Pour the batter into the tin, sprinkle with the almond flakes and bake for 35/40 minutes, or until nicely bronzed on top and a skewer come out clean if inserted into the middle of the cake. Cool in the tin, at room temperature for at least 1 hour before slicing.

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Italian Apple and Cinammon cake

My two months in Italy already seem so far away in the past. It has only been two weeks since I’ve been back, but, as it always is, all the things you put on hold and stop worrying about when you are on holiday, come back to haunt you and to kick you in the rear as soon as you return. If, on top of that, you add meetings for a new job within hours of arriving in Sydney after an excruciatingly long flight, a family reunion in Adelaide two days later (mind you, this was great fun and we could count on an endless supply of babysitters…), two -boring- visits to the Mac Genius Bar hoping to get my laptop fixed, and two children under five both sick with colds and sore throats, then you get a the pretty picture.
This morning I decided to wake up early and start the day the right way around.  Everybody  is still asleep as I type this, and I’ve already fed my baby and put him back to sleep, had a hot bath in a quiet and calm environment, with no rubber ducks or squirting toys of any sort floating around me, and, most importantly, the cake is already in the oven and I can smell the lemon and the cinnamon impregnating the house with their sweet and intoxicating aromas.

Today is going to be a great day!

INGREDIENTS:

3 eggs, separated

200 gr (1 cup) of brown sugar

130 gr (1/2 cup) of Greek yogurt

75 ml (1/3 cup)of grape seed oil (or light olive oil, non extra-virgin)

1 teaspoon of vanilla paste (or extract)

220 gr (2 cups) of sifted self-raising flour

50 gr (1/3 cup)of Almond meal

3 table spoons of sultanas soaked for 30 minutes (or 1 minute in the microwave) in Marsala wine (or Rum)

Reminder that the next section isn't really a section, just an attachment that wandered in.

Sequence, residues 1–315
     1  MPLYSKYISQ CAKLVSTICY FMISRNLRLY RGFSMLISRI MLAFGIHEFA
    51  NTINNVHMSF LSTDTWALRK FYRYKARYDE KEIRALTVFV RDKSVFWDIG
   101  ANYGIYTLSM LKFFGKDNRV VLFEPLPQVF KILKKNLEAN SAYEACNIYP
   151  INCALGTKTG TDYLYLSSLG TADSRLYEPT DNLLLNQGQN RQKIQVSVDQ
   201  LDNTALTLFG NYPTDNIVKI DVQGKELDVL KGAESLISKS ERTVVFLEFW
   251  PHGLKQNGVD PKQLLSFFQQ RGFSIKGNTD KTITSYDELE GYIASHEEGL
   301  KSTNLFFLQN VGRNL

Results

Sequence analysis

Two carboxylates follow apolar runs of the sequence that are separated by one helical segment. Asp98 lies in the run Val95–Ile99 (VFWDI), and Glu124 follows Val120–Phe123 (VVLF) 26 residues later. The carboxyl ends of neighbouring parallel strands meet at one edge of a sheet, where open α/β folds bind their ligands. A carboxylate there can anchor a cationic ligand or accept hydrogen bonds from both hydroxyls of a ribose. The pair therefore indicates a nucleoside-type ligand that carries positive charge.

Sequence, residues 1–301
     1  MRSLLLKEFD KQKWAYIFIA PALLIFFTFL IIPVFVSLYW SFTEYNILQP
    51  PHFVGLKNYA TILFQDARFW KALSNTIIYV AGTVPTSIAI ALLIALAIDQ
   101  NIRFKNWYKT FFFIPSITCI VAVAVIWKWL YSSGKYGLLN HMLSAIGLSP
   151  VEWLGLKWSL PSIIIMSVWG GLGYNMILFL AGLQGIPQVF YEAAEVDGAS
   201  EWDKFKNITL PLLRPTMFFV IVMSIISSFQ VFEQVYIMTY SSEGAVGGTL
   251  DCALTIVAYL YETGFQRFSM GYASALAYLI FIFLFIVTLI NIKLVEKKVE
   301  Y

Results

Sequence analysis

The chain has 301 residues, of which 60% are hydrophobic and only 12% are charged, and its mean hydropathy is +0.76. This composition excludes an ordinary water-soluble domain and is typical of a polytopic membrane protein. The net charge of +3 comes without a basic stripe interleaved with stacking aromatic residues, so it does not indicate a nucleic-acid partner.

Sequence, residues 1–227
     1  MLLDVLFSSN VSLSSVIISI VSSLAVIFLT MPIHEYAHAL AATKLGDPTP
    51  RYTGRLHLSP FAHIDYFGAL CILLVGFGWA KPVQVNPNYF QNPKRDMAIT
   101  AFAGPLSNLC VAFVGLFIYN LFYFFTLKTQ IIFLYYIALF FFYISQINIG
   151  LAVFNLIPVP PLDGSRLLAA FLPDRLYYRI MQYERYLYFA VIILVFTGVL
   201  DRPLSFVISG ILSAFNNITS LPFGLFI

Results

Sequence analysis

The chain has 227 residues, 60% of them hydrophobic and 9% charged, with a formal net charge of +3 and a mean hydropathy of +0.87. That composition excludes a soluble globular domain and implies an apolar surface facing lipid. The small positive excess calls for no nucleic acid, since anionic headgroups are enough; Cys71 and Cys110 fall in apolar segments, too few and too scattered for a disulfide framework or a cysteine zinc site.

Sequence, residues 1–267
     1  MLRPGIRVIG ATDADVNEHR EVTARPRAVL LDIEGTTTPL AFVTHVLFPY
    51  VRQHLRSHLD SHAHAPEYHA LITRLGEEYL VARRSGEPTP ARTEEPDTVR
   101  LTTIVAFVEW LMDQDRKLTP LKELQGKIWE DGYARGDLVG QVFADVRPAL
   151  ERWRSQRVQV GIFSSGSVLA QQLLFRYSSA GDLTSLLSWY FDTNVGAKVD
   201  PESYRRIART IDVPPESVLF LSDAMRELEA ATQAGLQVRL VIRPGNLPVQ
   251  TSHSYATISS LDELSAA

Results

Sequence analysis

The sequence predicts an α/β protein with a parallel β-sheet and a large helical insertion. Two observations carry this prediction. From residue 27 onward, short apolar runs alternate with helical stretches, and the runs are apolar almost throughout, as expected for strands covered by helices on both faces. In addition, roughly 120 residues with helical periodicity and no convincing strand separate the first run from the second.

1 table-spoon of cinnamon powder

1 grated apple

zest of 1 lemon

2 apples cut in quarters, 2 table-spoons of butter, 1 table-spoon of castor sugar

How To

1. In a frying pan, caramelize the apple quarters with sugar, lemon zest and butter for 10 minutes.

2. Whisk the sugar with the yolks until pale and creamy. Pour in the yogurt, oil, the grated apple and vanilla and mix well then add your flours, cinnamon and the pre-soaked sultanas with two table spoons of the soaking liquid.

3. Whisk 3 egg whites until soft peaks form and gently fold them into the cake batter.

4. Pour cake mix into a cake tin lined with baking paper and top with the caramelized apples and almond flakes.

5. Bake at 170 Celsius (350 Farenheit) for around 35/40 minutes

As tough as it is, allow to cool before you cut yourself a large slice…


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Apple and Sultana Tart (Crostata di mele e uvetta)

This is one of my “Desert Island” dishes. I guess it’s because Mamma used to make this a lot when we were little ,and to me it still tastes of home and lazy Sundays snuggled up on the couch watching cartoons, fighting with my brother and my sister over the last slice of crostata. Legend has it that my brother Gianmarco once managed to snatch 14 slices all to himself and lived to tell the tale!

This is to show that cake is obviously good for you…

INGREDIENTS, serves 8

For the pastry (pasta frolla)

150 gr of cold butter cut into cubes

250 gr of plain flour

1 egg

120 gr of icing sugar

1 teaspoon of vanilla paste

finely grated zest of 1 lemon

Pulse all the ingredients with a food processor until you have wet crumbs. Tip them onto a floured bench, press the touch together with your hands, shape it into a ball. Wrap it in plastic film and rest in the fridge for 30 minutes.

For the filling:

Soak a couple of handfuls of sultanas in Marsala wine and  slice up three apples and cook in a pot over a low flame with two table spoons of brown sugar, a tablespoon of butter and a splash of water. After 10 minutes add the sultanas and some of the soaking liquor as well as lemon zest and a cinnamon quill. Cook it together for 5 minutes, than pour the mixture onto a bowl I let it  cool down.

1. Bring your oven to 170 degrees Celsius.

2. Grease and flour a tart case and put 3/4 of your chilled flattened pastry onto it, trying not to over handle it. Place the rest of the pastry back in the fridge.

3. Pierce the base with a fork and blind bake until it starts to turn golden.

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4. Once the tart case is cooked and slightly cooled, pour in your apple mix and use the left over pastry to decorate the top of the tart. I always favour a criss-cross pattern. Sprinkle with flaked almonds and place in the oven for around 30 minutes.

Cool down before serving.

A generous helping of crostata and a glass of Vin Santo and I am  already in my desert island …